The median time to perform screening breast ultrasound was 19 minutes (range, 2-90; IQR, 12-27, mean [SE], 20.8 [0.3], 95% CI, 20.3-21.3 minutes) for a bilateral scan and 9 minutes for a unilateral scan (range, 1 to 70; IQR, 5-15; mean [SE], 11.6 [0.4], 95% CI, 10.7-12.4 minutes). A median of another 2.0 minutes was spent in the room with the participant (range, 0-19; IQR, 2-3; mean [SE], 2.7 [0.04]; 95% CI, 2.6-2.7 minutes). For 869 (33.0%) of 2637 participants, the investigator scanned at least 1 axilla while performing ultrasonographic scanning of the breast(s). Ninety-four percent of breasts were less than 4 cm thick.
Supplemental physician-performed screening ultrasound increases the cancer detection yield by 4.2 cancers per 1000 women at elevated risk of breast cancer, as defined in this protocol (95% CI, 1.1-7.2 cancers per 1000) on a single, prevalent screen. This is similar to rates of ultrasound-only cancers of 2.7 to 4.6 cancers per 1000 women screened in other series.8,13-17,24 As in prior studies, the vast majority of cancers seen only on ultrasound were invasive because DCIS is difficult to see on ultrasound. All but 1 cancer seen only on ultrasound was node negative. Invasive cancers not seen on mammography can be expected to present as interval cancers with a worse prognosis: detection of asymptomatic, mammographically occult, node-negative invasive carcinomas with ultrasound should reduce mortality from breast cancer, although mortality was not an end point of this study.
Strengths of our study include its matching within a participant, and examinations performed by radiologists who were masked to results of the other examination. Randomized order of these tests helped control biases of recruiting women with vague mammographic abnormalities. Furthermore, these results were consistent and generalizable across 21 international centers. The radiologist investigators in this trial were all specialists in breast imaging who met experience requirements and completed qualification tasks. As such, our results may vary slightly from those observed in general practice, even though similar results were observed by Kaplan16 for which study technologists performed screening ultrasound. Educational materials used for radiologist investigator training in ultrasound lesion detection and characterization are archived by ACRIN.
The use of the Gail and Claus models to calculate risk may have affected the racial distribution of participants, for the Gail model is known to underestimate risk in African Americans.34 Neither model has been validated in other races other than whites,34,35 although Gail et al36 have recently validated a new risk assessment tool based on data from the Contraceptives and Reproductive Experiences (CARE) Study, which involved African American women (which was not available for use in this protocol).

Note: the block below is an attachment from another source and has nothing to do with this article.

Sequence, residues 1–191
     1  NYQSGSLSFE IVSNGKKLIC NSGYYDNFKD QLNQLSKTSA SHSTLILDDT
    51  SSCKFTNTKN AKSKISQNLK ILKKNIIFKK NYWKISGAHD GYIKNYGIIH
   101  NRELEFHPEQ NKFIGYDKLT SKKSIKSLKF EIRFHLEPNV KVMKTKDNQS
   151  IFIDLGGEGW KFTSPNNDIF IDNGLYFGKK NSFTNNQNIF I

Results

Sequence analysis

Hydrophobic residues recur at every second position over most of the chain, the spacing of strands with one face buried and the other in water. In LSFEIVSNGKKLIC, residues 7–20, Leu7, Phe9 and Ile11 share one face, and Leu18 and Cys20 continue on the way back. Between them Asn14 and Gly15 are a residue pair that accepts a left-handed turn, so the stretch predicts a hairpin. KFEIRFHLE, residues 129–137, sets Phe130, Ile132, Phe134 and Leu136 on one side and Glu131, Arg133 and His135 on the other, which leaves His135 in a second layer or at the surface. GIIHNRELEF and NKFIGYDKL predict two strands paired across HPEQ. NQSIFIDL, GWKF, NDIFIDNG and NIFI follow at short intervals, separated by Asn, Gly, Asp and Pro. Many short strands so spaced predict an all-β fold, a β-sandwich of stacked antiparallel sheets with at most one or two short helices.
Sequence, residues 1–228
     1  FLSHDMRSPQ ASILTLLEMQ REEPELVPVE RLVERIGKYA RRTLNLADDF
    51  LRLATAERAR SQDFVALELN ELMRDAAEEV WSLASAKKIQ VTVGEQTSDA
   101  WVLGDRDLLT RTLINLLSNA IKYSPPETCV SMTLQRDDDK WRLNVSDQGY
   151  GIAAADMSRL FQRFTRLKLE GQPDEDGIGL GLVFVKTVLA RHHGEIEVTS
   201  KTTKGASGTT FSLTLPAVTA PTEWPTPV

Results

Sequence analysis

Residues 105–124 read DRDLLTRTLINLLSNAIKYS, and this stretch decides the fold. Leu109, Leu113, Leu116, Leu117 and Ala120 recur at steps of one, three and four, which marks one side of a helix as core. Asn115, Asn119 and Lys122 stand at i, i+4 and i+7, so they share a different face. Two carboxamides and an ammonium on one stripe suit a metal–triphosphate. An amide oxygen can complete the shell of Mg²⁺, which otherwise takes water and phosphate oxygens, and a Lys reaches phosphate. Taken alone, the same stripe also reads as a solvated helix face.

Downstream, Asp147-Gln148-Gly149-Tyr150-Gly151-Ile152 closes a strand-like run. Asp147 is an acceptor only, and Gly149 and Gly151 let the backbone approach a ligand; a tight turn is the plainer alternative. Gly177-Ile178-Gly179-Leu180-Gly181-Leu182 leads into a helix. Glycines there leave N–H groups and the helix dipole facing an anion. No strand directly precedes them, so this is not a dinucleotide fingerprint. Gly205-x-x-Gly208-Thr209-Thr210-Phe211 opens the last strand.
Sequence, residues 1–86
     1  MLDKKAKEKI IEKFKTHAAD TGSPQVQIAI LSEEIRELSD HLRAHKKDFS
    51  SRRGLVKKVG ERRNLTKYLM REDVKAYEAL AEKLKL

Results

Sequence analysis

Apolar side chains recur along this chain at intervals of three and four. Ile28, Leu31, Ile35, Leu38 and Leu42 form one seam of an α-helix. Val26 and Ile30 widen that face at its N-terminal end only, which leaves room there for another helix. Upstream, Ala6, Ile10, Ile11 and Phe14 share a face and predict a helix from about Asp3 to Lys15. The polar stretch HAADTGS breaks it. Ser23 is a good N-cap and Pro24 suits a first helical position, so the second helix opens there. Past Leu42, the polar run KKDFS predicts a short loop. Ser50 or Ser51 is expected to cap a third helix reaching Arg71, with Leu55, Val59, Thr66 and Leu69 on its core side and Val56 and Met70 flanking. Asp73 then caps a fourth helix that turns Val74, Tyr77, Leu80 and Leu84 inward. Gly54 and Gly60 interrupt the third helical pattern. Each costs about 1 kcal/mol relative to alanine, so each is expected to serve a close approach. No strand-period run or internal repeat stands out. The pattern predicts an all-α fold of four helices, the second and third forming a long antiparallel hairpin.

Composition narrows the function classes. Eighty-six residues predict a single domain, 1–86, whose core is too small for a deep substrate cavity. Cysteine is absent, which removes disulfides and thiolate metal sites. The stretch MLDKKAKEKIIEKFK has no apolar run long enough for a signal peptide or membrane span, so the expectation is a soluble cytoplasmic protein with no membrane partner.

In our elevated-risk study population, enriched in women with dense breasts, mammographic sensitivity was only 50% (95% CI, 33.8%-66.2%) and the sensitivity of mammography plus ultrasound was 77.5% (95% CI, 61.6%-89.2%; Table 2). From a detection standpoint, it may be reasonable to offer supplemental screening ultrasound to women with similar risk criteria. As stated, dense breast tissue is common: approximately half of women younger than 50 years and a third of older women have dense breast parenchyma.5 Approximately 6% of women presenting for routine annual mammography have a personal history of breast cancer,29 and 15% have a family history of breast cancer.29
Our ongoing study, allowing for contrast-enhanced breast magnetic resonance imaging (MRI) within 8 weeks of the final 24-month mammography and ultrasound screening round, may soon shed some light on the possible competitive roles of ultrasound and MRI as adjuncts to mammographic screening for breast cancer. Across 4 other series for which screening mammography, ultrasound, and MRI had been performed for women at very high risk of breast cancer, the combined sensitivity of mammography and ultrasound averaged 55% vs 93% after combined mammography and MRI.37-40 There appears to be no role for screening ultrasound in women undergoing screening MRI, even though ultrasound may be helpful in guiding biopsy of suspicious findings seen first on MRI.37-40 Ultrasound may be more appropriate than MRI for screening women of intermediate risk due to its reduced cost relative to MRI. Many of the cancers seen only on MRI are small, node-negative invasive cancers.37-40 Unlike ultrasound, MRI readily depicts DCIS,41 although DCIS remains overrepresented among false-negative MRI examinations.42 It is uncertain whether detection of DCIS is required or whether detection of node-negative invasive breast cancer is sufficient for a screening test. It will be important to see the stage distribution of breast cancers in subsequent rounds of screening with mammography plus ultrasound in this study and to know how many invasive cancers will be seen only on MRI at the 24-month time point.